The U.S. securities markets are regulated by numerous statutes allowing for criminal and civil enforcement by the DOJ and the U.S. Securities and Exchange Commission (“SEC”).[3]  Among the most prevalent and commonly charged of these statutes in both civil and criminal securities fraud cases is Section 10(b) and Rule 10b-5 of the Exchange Act.  Section 10(b) and Rule 10b-5 generally prohibit fraud by any person in connection with the purchase or sale of securities involving interstate commerce.  The newest arrow in the DOJ’s quiver is Section 807 of the Sarbanes-Oxley Act of 2002 (“Sarbanes-Oxley”), 18 U.S.C. § 1348 (2006), which broadly prohibits any kind of securities fraud with respect to public companies.  Section 807 provides that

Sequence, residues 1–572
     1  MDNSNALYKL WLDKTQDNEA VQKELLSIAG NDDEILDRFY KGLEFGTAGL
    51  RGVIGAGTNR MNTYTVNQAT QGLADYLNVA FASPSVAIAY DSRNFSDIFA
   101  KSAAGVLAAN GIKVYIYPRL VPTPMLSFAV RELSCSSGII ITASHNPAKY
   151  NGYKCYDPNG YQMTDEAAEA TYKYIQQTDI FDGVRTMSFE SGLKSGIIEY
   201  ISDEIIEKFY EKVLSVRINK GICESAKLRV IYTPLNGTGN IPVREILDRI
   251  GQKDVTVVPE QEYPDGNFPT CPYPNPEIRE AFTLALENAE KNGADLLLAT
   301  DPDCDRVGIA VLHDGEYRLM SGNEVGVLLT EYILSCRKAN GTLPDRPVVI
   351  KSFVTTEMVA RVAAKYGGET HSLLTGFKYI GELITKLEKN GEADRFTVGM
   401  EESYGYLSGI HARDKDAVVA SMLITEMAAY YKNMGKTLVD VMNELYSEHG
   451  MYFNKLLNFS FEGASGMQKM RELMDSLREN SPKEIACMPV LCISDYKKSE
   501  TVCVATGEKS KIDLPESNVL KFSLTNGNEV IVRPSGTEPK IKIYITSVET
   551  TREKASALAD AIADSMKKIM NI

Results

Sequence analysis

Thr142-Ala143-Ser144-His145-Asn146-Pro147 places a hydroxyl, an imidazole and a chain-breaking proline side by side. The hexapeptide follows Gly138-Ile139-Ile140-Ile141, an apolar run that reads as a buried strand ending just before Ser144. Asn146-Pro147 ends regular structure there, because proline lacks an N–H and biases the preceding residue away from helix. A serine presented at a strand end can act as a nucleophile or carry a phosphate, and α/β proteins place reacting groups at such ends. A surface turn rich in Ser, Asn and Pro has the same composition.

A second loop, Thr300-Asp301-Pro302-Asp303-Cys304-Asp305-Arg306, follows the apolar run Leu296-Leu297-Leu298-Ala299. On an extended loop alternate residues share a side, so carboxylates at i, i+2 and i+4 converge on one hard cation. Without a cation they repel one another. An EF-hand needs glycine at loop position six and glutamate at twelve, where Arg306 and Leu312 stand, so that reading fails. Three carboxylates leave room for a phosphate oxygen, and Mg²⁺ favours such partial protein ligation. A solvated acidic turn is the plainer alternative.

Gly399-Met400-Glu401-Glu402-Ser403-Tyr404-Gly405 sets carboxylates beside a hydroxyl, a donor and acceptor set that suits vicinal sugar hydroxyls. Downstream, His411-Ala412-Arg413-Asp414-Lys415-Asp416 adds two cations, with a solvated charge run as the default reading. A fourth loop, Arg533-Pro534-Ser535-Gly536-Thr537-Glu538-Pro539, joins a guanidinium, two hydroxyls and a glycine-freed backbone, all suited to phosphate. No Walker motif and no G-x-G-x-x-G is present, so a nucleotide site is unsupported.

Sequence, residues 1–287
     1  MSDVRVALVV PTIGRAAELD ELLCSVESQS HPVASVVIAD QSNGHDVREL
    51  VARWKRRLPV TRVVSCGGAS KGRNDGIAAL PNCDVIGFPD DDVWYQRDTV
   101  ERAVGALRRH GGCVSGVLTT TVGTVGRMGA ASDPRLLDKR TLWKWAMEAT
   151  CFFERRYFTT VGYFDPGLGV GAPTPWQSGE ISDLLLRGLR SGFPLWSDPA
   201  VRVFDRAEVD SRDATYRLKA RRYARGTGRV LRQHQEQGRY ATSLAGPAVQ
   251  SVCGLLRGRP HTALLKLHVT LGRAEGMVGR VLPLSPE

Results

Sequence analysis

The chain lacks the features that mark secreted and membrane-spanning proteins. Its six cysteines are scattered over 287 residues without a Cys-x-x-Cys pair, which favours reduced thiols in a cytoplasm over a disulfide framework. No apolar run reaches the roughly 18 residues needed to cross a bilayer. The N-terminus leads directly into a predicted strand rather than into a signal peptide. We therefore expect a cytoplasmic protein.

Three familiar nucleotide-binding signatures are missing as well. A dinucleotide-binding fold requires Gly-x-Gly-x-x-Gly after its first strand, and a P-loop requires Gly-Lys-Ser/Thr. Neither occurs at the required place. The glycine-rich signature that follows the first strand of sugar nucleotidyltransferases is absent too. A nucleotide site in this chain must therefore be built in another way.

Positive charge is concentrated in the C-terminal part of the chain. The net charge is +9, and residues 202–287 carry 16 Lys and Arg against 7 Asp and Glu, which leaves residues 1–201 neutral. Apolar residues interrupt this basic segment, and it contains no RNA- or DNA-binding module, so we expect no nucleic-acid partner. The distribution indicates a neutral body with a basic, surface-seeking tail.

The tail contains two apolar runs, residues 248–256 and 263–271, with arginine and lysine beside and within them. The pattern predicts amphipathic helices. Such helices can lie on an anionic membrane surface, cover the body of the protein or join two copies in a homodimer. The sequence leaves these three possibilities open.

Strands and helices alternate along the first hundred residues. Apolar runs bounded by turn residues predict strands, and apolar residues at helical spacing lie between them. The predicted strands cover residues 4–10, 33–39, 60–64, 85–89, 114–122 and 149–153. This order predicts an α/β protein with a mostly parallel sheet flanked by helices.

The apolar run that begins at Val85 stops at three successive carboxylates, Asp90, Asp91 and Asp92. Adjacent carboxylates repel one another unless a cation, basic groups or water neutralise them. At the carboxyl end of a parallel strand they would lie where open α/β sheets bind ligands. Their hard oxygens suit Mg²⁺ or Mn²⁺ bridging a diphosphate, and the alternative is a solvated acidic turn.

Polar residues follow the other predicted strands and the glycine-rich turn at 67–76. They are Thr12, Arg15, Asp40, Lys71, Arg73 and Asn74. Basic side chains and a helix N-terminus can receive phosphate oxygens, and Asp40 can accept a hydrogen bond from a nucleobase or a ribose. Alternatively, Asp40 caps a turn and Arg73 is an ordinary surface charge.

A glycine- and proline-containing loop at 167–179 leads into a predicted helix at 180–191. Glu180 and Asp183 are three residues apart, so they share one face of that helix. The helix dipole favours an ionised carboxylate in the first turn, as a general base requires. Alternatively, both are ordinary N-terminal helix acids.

“Whoever knowingly executes, or attempts to execute, a scheme or artifice (1) to defraud any person in connection with any . . . security of an issuer registered under section 12 of the Securities Exchange Act; [or] (2) to obtain, by means of false or fraudulent pretenses, representations or promises, any money or property in connection with the purchase or sale of any . . . security of an issuer . . . [shall be punished by a fine or imprisonment or both].”

§ 1348.